Earth Day: we need a new way to make people care

Tomorrow we honor the planet, without which we wouldn’t exist.

Bridgton will be cleaning up Stevens Brook on Earth Day, and the kids will be making kites. We’ll celebrate the preservation of Bald Pate Mountain with a hike to the summit, and a “Prize Patrol” car by DancingTrees will be on the lookout for neighbors cleaning their yards — giving praise to those who do.

There’s a strong environmental conscience in our region, thanks to the leadership of such organizations as the Lakes Environmental Association, Loon Echo Land Trust, and Greater Lovell Land Trust.

But when it comes to the big picture, let’s face it, there’s really not much to celebrate.

We live in a world where the reality of climate change is either neglected or denied by policy makers, despite the increasing frequency of tornadoes and hurricanes and droughts in recent years.

Just this past Saturday, a massive series of tornados killed 45 people across the U.S. and reached North Carolina, where such storm systems almost never occur. Pigs and livestock were lifted into the sky, oh my.

When we bend over to pick up litter on Friday, we can feel good in that moment. But unless our national leaders begin to show leadership about climate change, we might as well kiss our “arses” goodbye.

There’s more energy in our atmosphere than there used to be. The atmosphere is 5% moister than it was just a few decades ago, and man-made carbon dioxide emissions are the most reasonable explanation. 2010 was the warmest year on record, when we saw drought, heatwaves and fires across Russia, and megafloods in Pakistan, Australia, Brazil and elsewhere.

Not every natural disaster is unnatural now, but the evidence seems clear that global warming is contributing to more and more extreme weather events as our unrestrained consumerism alters the planet’s natural climatic systems and damage vital ecological assets, including oceans, forests and glaciers. According to the U.S. Department of Energy, total carbon emissions from all forms of energy use had already hit 21.2 billion metric tons by 1990 and are projected to rise to 42.4 billion by 2035 — a 100% increase in less than half a century.

And what are our national leaders doing about this? Well, in the federal budget just passed by Congress, the Environmental Protection Agency has been cut by $1.6 billion — a 16% reduction. It was one of the agencies hit the hardest, along with health funding. The cut came despite the fact that polls showed 77% of Americans wanted Congress to leave the EPA alone, since they’re the only group responsible for protecting the public from polluting corporations.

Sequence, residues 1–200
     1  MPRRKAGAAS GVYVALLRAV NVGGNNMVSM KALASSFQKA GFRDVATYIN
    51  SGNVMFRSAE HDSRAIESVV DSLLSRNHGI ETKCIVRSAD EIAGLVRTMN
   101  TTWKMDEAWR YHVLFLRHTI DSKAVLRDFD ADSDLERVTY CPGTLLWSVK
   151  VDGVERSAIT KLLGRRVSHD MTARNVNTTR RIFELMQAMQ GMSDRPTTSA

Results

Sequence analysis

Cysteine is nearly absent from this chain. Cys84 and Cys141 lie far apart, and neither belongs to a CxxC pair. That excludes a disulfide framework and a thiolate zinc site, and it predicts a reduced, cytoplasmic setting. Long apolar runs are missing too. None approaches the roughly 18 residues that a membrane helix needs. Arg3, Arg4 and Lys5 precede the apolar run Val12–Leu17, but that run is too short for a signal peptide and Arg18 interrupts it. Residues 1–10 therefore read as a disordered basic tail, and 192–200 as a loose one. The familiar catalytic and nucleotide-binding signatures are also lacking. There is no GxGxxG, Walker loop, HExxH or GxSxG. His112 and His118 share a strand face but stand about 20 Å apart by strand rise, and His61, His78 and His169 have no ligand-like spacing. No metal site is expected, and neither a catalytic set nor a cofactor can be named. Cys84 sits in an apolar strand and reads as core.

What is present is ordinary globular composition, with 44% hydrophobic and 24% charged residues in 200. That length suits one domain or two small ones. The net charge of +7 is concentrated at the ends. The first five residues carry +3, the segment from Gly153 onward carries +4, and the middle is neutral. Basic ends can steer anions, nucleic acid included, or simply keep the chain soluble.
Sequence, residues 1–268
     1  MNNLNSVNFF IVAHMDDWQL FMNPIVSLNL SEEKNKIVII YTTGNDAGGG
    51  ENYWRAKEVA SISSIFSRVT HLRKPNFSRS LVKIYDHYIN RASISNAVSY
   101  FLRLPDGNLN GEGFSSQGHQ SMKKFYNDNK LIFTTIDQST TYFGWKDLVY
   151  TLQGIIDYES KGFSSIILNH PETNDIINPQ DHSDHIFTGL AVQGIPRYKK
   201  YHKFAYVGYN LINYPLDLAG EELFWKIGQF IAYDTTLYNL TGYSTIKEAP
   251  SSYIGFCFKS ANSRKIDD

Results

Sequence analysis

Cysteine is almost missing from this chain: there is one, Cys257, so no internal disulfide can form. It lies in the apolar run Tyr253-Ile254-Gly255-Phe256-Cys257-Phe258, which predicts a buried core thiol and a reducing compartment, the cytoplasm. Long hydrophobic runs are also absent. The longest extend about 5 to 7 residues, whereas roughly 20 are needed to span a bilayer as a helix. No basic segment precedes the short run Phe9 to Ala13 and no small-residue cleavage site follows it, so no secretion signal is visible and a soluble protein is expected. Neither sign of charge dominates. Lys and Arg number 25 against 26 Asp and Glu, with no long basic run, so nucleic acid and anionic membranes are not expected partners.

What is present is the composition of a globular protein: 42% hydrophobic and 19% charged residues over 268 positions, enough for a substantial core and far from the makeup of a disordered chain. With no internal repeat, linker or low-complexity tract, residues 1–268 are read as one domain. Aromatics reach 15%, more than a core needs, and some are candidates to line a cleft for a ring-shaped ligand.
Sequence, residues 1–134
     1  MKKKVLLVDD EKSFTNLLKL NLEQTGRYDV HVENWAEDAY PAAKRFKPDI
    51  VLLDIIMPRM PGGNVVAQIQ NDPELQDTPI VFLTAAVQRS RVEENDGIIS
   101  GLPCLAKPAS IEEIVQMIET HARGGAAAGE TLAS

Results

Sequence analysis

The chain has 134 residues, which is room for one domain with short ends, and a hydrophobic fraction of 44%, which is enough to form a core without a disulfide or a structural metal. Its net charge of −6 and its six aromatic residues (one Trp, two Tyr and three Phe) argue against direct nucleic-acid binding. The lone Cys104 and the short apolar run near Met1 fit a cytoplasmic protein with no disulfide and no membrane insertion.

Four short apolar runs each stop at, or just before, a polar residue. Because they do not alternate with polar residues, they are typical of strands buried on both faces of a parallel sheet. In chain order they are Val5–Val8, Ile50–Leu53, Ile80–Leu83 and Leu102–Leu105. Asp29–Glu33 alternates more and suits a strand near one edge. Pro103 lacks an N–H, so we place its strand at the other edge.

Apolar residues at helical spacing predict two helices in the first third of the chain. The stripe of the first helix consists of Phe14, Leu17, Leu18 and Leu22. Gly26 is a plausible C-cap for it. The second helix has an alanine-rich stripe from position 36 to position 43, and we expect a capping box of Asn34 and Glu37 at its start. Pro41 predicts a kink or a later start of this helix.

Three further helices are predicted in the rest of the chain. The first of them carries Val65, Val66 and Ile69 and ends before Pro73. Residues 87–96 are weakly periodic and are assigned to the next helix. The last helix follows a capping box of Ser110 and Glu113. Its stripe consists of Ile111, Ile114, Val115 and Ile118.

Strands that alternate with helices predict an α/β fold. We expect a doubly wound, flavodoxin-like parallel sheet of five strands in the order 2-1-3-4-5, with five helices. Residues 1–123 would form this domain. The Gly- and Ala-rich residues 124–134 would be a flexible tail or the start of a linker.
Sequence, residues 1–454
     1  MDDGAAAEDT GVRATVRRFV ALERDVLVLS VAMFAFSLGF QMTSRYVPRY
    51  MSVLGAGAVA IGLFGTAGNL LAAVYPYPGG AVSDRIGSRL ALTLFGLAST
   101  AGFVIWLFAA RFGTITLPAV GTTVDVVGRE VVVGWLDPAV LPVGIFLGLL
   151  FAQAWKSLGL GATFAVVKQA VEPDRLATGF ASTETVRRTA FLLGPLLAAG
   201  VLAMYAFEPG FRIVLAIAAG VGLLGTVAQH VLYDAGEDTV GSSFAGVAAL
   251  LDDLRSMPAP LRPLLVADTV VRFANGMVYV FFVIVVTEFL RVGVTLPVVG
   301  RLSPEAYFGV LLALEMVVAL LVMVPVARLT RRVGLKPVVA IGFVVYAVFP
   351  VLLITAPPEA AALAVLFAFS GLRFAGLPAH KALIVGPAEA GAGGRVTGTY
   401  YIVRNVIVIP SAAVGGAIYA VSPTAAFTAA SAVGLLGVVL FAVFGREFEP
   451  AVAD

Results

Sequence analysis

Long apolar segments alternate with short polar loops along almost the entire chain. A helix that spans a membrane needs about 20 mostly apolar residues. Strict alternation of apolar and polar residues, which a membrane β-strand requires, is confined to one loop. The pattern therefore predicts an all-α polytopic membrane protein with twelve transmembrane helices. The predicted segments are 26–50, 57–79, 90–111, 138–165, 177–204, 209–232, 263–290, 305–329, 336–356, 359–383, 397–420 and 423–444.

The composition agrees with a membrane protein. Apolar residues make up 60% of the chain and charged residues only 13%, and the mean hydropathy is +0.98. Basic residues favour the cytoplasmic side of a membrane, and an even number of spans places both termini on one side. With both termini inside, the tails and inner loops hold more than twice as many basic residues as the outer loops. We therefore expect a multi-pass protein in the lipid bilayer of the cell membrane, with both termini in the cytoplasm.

And in a case brought by states and environmental organizations on global warming that will be heard by the Supreme Court on Tuesday, the Obama administration is siding with American Electric Power and three other companies, urging the Court to throw out the lawsuit.

Maine political leaders, by contrast, have shown some real courage in the global warming arena. In 2007 they recognized that even if we stopped burning fossil fuels tomorrow, climate change will continue for many years because of the CO2 we’ve already released. As a result, Gov. Baldacci asked the University of Maine and the Climate Change Institute to analyze the effects of climate change in Maine over the next 50 to 100 years.

What the study found was, that Maine faces a warmer and wetter future, with a longer mud season and shorter periods of hard freeze that will affect the timber industry. There’ll be more rain in winter, earlier snowmelt, peak river flows and ice-out on Maine lakes — which we have all seen this spring. Ice-out dates have advanced up to two weeks since the 1800s, resulting in shorter seasons for ice fishing, skating, skiing and snowmobiling. “Southern Maine could ultimately stop having safe ice conditions,” the study states. Regional sea surface temperatures have increased almost 2 degrees Fahrenheit off the Maine coast since 1970, and the rate of sea-level rise has intensified — eight inches since 1912, based on tide-gauge records in Portland.

Our forests of balsam fir and spruce will increasingly give way to red maples and other hardwoods, and we may have fewer spruce, loons, chickadees, lynx, halibut, and moose; and more oaks, bobcat, summer flounder and deer, the study found. By 2080, the study found, all of Maine will have the warmer, wetter conditions conducive to Lyme Disease. See it for yourself at

It’s not that the information isn’t out there. It’s more that, in the folly and hubris with which we’ve treated natural forces since the Industrial Age began, we’re still choosing to ignore it — even when it hits us over the head. On the 41st anniversary of the first Earth Day in April of 1970, we need a new way to make people care. Maybe it will be pigs flying in the air.

Perhaps we should change the name of Earth Day to “Survival” Day, or “Change or Die” Day.

— G.G.

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